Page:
Did you know? Statistically (and on average), low frequency traders such as ‘end-of-day’ traders return more money over the long term than high frequency traders (such as ‘intra-day’ traders).
What is end-of-day trading?
End-of-day trading, also known as position trading, occurs when a trader (binary options trader included), identifies a high probability trade set-up on an end-of-day price chart and places a buy (call) or sell (put) position the next trading day.
As opposed to intra-day trading whereby traders place trades in a higher frequency (ie: more often throughout the day), an end-of-day trader places trades less frequently and uses end of day trading data to generate trading signals.
End-of-day trading signals are generated off the daily price bar, after the trading day has closed. Intra-day monitoring of the price bars is not required.
So who’s end-of-day?
The ‘end-of-the-day’ officially refers to 1700hrs New York time. That is, a daily candle will always close and open with the New York trading session close/open.
For local markets however, the end-of-day candle will close and open in line with the local exchange trading session times.
Why trade end-of-day strategies?
End-of-day trading strategies are very popular amongst part-time traders due to the work/life balance the strategy and setup affords. Many end-of-day traders manage full time jobs and this type of strategy is considered less arduous and demanding, allowing traders to fit their trading activities around a normal work schedule.
End-of-day setups, because of their higher timeframes, are often considered stronger and more reliable reducing trading ‘noise’ seen on shorter timeframes. Plus trading and data feed costs are smaller (where applicable).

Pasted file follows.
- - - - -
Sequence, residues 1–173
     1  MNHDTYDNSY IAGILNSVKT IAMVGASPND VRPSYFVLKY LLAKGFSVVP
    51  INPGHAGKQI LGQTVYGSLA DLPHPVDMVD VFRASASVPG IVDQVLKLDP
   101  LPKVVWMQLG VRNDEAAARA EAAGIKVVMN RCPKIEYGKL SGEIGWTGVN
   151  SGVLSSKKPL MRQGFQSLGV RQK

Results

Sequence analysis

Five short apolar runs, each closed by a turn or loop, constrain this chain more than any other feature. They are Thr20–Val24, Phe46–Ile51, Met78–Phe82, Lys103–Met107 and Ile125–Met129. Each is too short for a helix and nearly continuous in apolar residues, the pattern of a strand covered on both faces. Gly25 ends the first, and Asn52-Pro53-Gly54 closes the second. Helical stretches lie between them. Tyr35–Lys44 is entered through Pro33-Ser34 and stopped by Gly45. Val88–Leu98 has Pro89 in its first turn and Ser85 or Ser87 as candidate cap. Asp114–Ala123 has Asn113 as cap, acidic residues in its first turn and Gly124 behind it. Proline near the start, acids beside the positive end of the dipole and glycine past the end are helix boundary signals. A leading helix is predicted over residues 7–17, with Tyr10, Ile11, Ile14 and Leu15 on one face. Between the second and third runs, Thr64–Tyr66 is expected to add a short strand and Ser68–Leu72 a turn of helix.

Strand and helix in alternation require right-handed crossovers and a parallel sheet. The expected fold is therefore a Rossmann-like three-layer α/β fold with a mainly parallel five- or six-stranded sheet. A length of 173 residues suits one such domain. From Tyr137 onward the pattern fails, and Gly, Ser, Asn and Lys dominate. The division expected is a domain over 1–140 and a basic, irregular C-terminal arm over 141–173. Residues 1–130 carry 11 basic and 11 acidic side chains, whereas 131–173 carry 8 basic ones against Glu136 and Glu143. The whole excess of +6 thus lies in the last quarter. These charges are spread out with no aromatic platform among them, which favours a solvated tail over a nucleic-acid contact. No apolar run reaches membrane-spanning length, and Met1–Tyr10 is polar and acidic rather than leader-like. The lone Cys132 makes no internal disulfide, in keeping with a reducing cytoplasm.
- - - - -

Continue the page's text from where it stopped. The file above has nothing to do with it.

For end-of-day traders, time constraints is not an added pressure for decision making, which is – when using 1 minute price bars for example – often counterproductive.
End-of-day strategy: Inside Day Bollinger Band Turn Trade
When trading Bollinger Bands as a strategy, prices approaching the upper Bollinger Band are considered high while prices nearing the lower Bollinger Band are considered low. Traders often buy and sell when price breaks these key indicator level, however, strong trends will often ‘ride’ out the breach of the upper (or lower) Band rendering the trade a loss.
Because Bollinger Band indicator strategy states that when price makes new highs in an uptrend and new lows in a downtrend, price will bounce (and break) the upper (or lower) Band, to generate a high-probability setup, binary options traders must filter the trading signals generated by Bollinger Bands by adding a confirmation function: an Inside Day.
That is, traders should place a buy (call) or sell (put) trade only when the price candle following the one that breaks through the upper (or lower) Bollinger Band does not make a new high or low. By doing this, traders are increasing the probability that prices have hit extreme levels and a reversal is imminent. Further, as an end-of-day trader, the longer the timeframe, the more significant the reversal will be.
Because binary options traders are not concerned with how much an asset moves in price, only the direction, it is important to confirm the Bollinger Band reversal points with the Inside Day. By using the Inside Day candle, which represents a contraction of volatility, if in an uptrend – volatility slows and price fails to make new highs (the Inside Day), traders recognise that price strength is weakening and a reversal is probable. When combined with Bollinger Bands which are used to signal reversal points, traders will look to sell at the break of the upper Bollinger Band followed by and Inside Day or buy at the break of the lower Bollinger Band followed by an Inside Day.
Binary Options Trading Signals
Call Trade: Buy when price breaks through the lower Bollinger Band and is immediately followed by an Inside Day bar. Place the call trade at the high of the inside bar.
Put Trade: Sell when price breaks through the upper Bollinger Band and is immediately followed by an Inside Day bar. Place the put trade at the low of the inside bar.
Responsible money management ensures that the losses don’t mitigate the profits.